For Part I of this series, head here…
The next eight quarterbacks are the ones that have potential, but for one reason or another are unlikely to shine as brightly as the first seven. Keep in mind that this might be the Golden Era for QBs in the ACC, as there are some talented prospects. When you rate Chase Rettig in the second half of the rankings, you know the depth at QB is stacked. But most of the next eight are unproven commodities, who could either blow up or absolutely flounder. So without further ado…
8.) Chase Rettig, Boston College (Senior)
Rettig may have thrown for 3,055 yards last year and 17 TDs, but he only won two games. (one of them against Maryland). Any time your QB struggles against Army (or any two-win team for that matter) you have to take a step back and wonder if this is the guy you want leading you into the future.
That’s the sad part, because Rettig isn’t even really that bad; his team is terrible. Rettig gets sacked all the time, but he also holds onto the ball a little too much and can’t scramble well. His offensive coordinator, Doug Martin, got bounced in the offseason and they have decided to change the offense up. That means Rettig is going to be learning a new scheme (that isn’t stat-friendly, as it’s grounded in establishing the run) his senior year, which as I just explained in the case of Tanner Price, will hurt his production.
9.) Antony Boone, Duke (Junior)
I like Anthony Boone, a lot actually. Enough that I have a feeling after the first few weeks Boone will shoot up these lists. He has a big arm and played relatively well in the few games he saw a lot of action. One of those was last year against UVA, where he threw for four touchdowns and ran for 41 yards. David Cutlcliffe knows how to get the most out of quarterbacks, and that system will work just fine for Boone to come in seamlessly. That still doesn’t make Duke great, and it still doesn’t make Boone a top five passer — especially given that he loses one of the best receivers to ever play in the ACC (Conner Vernon).
10.) C.J. Brown, Maryland (Junior)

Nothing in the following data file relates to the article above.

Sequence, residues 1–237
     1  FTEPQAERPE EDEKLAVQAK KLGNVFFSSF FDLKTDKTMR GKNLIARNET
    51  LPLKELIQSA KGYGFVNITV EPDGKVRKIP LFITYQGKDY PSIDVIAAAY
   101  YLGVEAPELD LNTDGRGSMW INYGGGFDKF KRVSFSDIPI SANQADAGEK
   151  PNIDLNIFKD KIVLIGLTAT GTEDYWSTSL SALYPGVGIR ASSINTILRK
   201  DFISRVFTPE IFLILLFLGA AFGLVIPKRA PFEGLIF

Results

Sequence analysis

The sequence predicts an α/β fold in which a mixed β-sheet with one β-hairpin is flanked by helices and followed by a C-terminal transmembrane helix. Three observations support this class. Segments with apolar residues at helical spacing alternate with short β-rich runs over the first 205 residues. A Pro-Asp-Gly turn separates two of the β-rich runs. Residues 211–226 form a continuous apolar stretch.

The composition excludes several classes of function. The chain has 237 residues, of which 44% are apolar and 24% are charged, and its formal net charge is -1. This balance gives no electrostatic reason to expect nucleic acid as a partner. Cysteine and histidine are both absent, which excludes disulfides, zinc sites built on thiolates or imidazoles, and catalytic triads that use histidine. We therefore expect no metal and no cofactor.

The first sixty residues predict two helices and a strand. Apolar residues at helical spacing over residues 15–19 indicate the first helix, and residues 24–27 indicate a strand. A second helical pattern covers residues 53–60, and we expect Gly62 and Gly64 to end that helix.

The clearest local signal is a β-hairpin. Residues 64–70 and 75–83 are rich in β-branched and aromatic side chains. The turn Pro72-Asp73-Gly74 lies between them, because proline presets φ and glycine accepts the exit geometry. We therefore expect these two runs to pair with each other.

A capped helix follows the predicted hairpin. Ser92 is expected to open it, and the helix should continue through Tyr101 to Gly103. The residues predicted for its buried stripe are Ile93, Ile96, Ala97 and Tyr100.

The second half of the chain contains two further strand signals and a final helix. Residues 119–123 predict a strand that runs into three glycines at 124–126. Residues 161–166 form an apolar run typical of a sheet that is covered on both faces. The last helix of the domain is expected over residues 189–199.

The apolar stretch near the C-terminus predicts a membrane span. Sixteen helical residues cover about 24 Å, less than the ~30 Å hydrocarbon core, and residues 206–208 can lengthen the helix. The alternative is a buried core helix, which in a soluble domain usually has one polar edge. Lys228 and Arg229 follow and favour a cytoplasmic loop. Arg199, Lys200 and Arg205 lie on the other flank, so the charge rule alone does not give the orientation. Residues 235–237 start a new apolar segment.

Amazingly, CJ Brown might be the tenth best quarterback in the ACC. I realize that’s not saying much, but of the rest of the candidates, Brown seems like the most viable option to round out the top ten. Brown hasn’t seen in-game action since 2011, and he’s suffered multiple injuries since then, but it appears he is completely healthy now.
If he is in fact ready to lead, the same guy who had 574 yards on the ground, showing off blazing speed with his legs and a big time arm, could be a good player. Could. Could. Could. Because with most of these next few candidates, it’s all hypothetical at this point. Brown was never a great passer, but if he has his legs back that might not matter as much.
I rank him in the top ten because he has Stefon Diggs, Deon Long, and Marcus Leak. Those three are going to make a mediocre quarterback look very, very good. They might have a same effect on Brown, who couldn’t hit the broad side of a barn the last time he played football.
11.) Tom Savage, Pittsburgh (Senior)
Savage is another one of those guys who you could either become a very good passer for Pittsburgh, or end up on the bench in favor of a young upstart the next snap. Savage transferred over from Rutgers (pre-implosion), so at least we know he’s smart. But he started as a freshman and was the team MVP by throwing 14 touchdowns to only seven INTs. His sophomore year be imploded though, so that’s not good.
Paul Chryst, the former offensive coordinator of Wisconsin, might be able to get some goodness out of Savage, who has the arm to make any throw. But he couldn’t get that out of Danny O’Brien, who was probably a better passer than Savage, and now he has more on his plate. I’m not sure what Savage has in store (but if his spring game told us anything, it’s that he isn’t great), but it’s bound to be interesting. If not, he’ll just find himself on the bench.
12.) Pete Thomas, NC State (Junior)
Pete Thomas could either be really good, or really bad. He’s a pro-style quarterback playing in a no-huddle spread offense that new head coach Dave Doeren installed. He hasn’t played in awhile, and looked rusty at the Wolfpack’s spring game. But he’s on Mel Kiper’s list of potential NFL quarterbacks, in part from his play as a two-year starter for the miserable CoLOLrado State Rams.
He could potentially be a whole lot better on this list, because the Wolfpack have a lot of good options, and their team can make a QB better than he really is. If that’s the case, he’ll fill Glennon’s departed shoes just fine.
13.) Drew Allen, Syracuse (Senior)
Drew Allen is probably going to produce stats because he plays in the Syracuse offense that wants to throw the ball more or less every play. It’s hard to say what you’re going to get out of Allen, who has never started a college game. If watching quality football counted for anything, he’d be an incredibly elite prospect after watching Landry Jones tear up the Big 12 his whole career at Oklahoma.
Unfortunately, career understudies in college tend to have middling results, and middling in the ACC usually means bad. So yes, Drew Allen will probably have some major issues if he gets the ball on day one.
14.) David Watford, Virginia (Sophomore)
Watford might end higher on the list as well. Watford is the next quarterback in line out of Hampton, Va., the area that produced Tyrod Taylor, Michael and Marcus Vick, and E.J. Manuel. Is he going to be like any of those guys? Maybe, but probably not. Watford might not even play if he can’t beat out the likes of Phillip Sims and Greyson Lambert, neither of which are very good.
And if you’re not playing well enough to beat those two out, then you’re probably not going to play well in the ACC. So you get last in my rankings.